Paediatric Nutrition

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Tag: iron deficiency anaemia

Iron Deficiency Anaemia in Infancy

Iron deficiency anaemia (IDA) is the most common nutritional problem affecting infants with 60% of 6-12 month old babies in the UK having low dietary iron intake, a key risk factor for developing IDA. Early childhood is a time of vulnerability as iron deficiency anaemia in this period may be associated with impaired development, especially if a baby had low iron stores at birth eg. as a result of prematurity or low birth weight. It’s also a time of rapid physical growth, brain and nervous system development, and a time when dietary iron needs are at their highest. Various risk factors are known to contribute: particularly premature birth, low birth weight, maternal iron deficiency and poverty.  Iron supplementation may not adequately correct IDA in more extreme cases, and so infant feeding practices including the introduction of solids are important considerations. Iron supplementation requires medical or dietetic guidance, because iron overload can be harmful. The  body is not able to excrete or get rid of excess iron, which is stored in the liver and spleen.  For this reason, iron absorption is limited (by the gut) to around 15-20% and this becomes relevant when thinking about choosing iron-rich foods to offer, whether plant or animal and which foods improve or limit absorption. Here I provide some information about nutritional needs for iron during infancy, dietary sources of iron and infant feeding practices: the introduction of iron-rich foods.

Infants’ Nutritional needs and Dietary sources of iron

Iron is an essential micronutrient required to make haemoglobin, brain and nervous system development, and protection from infection. Iron is the red pigment in haemoglobin, which carries oxygen around the body within the red blood cells. IDA means that the blood carries less oxygen than the body needs and infants with IDA will be pale and tired, have poor resistance to infection, and their general health, appetite, and vitality is poor.  Typically, infants don’t show any signs in the early stages of IDA, and it commonly goes undiagnosed until they become symptomatic. Iron needs are highest in infants aged 6-12 months, term babies will used up all their iron stores, which built up during the last trimester of pregnancy, and dietary iron needs rapidly increase. Introducing iron-rich foods is critical at this age; not only does this provide essential dietary iron, but introducing those foods at this age helps establish familiar tastes, smells and textures of iron-rich foods like red meat, liver, egg yolk and also apricots, dried fruits, green vegetables, lentils, avocado, oily fish, seed and nut butter. Many cereals are fortified with iron, and since 1998, white wheat flour is fortified with 1.65mg iron per 100g.  7.8mg  of iron is the reference daily intake for a healthy, term baby. The reference daily need for women of child bearing age is 14.8mg.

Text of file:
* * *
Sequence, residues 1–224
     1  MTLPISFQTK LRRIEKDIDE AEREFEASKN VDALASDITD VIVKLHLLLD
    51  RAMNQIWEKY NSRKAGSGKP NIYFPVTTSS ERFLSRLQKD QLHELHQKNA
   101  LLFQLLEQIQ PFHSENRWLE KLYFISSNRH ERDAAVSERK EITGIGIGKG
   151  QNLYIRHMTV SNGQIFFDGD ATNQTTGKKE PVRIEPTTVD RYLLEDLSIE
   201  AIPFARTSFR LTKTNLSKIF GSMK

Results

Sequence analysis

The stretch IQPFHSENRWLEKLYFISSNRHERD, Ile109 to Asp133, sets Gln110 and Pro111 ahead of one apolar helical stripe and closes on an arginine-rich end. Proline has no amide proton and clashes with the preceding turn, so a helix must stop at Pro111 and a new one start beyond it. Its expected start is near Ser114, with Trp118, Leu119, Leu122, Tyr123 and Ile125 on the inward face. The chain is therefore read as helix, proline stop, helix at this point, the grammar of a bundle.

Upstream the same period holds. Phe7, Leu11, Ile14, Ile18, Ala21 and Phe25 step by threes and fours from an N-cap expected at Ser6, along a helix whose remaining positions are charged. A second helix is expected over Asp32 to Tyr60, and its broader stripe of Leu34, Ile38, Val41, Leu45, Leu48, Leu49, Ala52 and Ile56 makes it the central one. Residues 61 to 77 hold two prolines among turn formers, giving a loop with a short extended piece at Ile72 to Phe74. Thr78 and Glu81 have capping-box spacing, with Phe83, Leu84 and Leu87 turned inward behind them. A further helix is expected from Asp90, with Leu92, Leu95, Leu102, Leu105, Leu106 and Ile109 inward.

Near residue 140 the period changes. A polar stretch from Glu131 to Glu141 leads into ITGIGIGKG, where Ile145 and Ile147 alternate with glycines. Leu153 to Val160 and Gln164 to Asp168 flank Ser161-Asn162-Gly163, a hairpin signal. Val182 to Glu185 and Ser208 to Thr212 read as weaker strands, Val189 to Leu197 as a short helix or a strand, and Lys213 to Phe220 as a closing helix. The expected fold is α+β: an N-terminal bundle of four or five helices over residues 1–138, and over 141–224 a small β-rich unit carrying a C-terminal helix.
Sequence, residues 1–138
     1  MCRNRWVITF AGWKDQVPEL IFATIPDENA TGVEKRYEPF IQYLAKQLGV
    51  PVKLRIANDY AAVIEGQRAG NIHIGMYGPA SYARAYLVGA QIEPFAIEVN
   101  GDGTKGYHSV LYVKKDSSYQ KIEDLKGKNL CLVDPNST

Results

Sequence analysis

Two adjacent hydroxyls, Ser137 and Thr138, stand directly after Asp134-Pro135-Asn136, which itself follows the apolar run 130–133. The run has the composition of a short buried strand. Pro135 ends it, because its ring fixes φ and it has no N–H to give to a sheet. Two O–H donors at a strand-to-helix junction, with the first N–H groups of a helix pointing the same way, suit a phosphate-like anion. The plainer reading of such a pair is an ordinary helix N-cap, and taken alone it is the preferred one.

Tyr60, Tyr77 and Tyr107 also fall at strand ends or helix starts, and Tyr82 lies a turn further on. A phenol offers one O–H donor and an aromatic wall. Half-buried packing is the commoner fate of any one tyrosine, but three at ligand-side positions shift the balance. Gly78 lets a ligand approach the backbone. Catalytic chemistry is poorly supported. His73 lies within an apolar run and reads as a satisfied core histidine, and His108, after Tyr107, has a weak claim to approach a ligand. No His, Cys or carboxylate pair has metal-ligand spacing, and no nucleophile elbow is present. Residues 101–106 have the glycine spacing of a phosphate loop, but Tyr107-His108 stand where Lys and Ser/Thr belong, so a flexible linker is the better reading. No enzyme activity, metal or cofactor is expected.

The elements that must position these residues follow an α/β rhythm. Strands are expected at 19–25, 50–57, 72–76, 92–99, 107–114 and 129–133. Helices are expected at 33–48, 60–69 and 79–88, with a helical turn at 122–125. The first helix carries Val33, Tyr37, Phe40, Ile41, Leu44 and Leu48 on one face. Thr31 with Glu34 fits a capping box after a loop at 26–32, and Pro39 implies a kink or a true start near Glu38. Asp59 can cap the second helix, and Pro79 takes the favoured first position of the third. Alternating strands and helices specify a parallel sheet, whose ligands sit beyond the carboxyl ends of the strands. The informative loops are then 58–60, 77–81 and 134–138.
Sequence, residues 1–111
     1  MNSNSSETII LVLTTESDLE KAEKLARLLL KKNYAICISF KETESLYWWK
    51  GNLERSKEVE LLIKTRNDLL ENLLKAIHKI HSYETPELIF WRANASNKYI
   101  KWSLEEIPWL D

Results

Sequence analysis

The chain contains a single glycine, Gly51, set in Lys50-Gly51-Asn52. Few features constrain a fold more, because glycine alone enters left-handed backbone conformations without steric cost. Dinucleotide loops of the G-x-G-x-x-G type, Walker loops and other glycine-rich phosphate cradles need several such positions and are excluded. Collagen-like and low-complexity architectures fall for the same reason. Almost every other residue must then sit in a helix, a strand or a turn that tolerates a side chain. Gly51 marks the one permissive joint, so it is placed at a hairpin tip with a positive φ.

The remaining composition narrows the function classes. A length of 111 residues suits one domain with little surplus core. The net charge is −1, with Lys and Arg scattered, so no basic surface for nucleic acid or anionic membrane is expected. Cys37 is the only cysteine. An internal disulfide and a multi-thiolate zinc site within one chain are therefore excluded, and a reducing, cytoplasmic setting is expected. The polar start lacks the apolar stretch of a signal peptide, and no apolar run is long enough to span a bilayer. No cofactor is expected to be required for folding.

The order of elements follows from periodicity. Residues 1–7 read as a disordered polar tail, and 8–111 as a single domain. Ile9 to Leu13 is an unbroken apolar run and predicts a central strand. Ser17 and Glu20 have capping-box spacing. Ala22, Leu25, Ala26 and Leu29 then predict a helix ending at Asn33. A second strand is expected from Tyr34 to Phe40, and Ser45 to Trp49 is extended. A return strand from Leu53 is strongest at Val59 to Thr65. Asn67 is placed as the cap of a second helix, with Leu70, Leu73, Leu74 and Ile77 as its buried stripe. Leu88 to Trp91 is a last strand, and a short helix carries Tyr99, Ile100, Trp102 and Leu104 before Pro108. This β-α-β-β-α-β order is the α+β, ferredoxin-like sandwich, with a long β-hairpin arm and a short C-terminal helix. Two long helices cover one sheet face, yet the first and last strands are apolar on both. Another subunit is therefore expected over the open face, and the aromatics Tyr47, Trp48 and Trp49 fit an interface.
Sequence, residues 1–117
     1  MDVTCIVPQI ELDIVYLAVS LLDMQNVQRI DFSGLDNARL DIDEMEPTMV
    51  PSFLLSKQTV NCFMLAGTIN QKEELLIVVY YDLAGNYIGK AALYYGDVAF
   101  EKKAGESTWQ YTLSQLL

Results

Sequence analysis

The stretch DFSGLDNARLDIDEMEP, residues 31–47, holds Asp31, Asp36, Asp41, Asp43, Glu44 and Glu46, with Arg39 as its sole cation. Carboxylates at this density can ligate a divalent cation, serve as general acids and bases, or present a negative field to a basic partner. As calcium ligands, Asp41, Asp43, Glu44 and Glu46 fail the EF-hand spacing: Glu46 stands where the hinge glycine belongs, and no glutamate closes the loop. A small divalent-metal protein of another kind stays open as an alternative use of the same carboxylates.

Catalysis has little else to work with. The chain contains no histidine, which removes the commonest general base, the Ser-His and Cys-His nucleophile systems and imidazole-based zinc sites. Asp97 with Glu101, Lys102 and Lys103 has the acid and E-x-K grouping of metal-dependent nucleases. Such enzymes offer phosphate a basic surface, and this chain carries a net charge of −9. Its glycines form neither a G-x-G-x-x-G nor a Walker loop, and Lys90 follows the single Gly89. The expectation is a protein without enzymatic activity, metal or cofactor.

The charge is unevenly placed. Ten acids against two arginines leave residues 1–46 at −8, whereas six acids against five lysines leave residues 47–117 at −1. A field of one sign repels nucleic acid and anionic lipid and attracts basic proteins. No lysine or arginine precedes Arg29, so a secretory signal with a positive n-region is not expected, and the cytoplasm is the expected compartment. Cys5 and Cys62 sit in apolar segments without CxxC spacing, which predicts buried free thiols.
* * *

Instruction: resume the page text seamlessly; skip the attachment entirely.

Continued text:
Infant Feeding practices and the Introduction of Iron-rich foods

Breast-fed infants need iron-rich foods on a daily basis from the weaning period 6-12 months because breast milk contains very little iron.  Formula-fed infants also need to become familiar with iron-rich foods, even although iron-fortified formula will meet their iron needs beyond 6 months. Becoming familiar with the smells, tastes and textures of iron -rich foods like red meat, egg yolk and green vegetables, at an early age will help acceptance of these foods, prior to natural developmental phase of food refusal during toddlerhood.  Toddlers who have eaten a wide variety of foods from 6-12 months (in the sensitive window) are less fussy because these foods are more familiar and they have practiced eating them.  Those infants will also have developed a range of feeding skills, which supports eating better during toddlerhood.  Drinking iron-fortified formula does protect against IDA, however, for longer-term feeding practices, introducing these more challenging tastes and textures during the sensitive window, provides more varied and robust nutrition going forward. First formula milks, those with a higher ratio of whey, are best suited for all babies until 1 year for many reasons, with improved absorption of nutrients including iron.

A consultation on the availability of NHS gluten free foods on prescription has been launched by NHS England and will run from 31st March until 22nd June 2017.  Please respond with comments, ideas or experience if you or someone you care for has Coeliac Disease and needs a gluten free diet.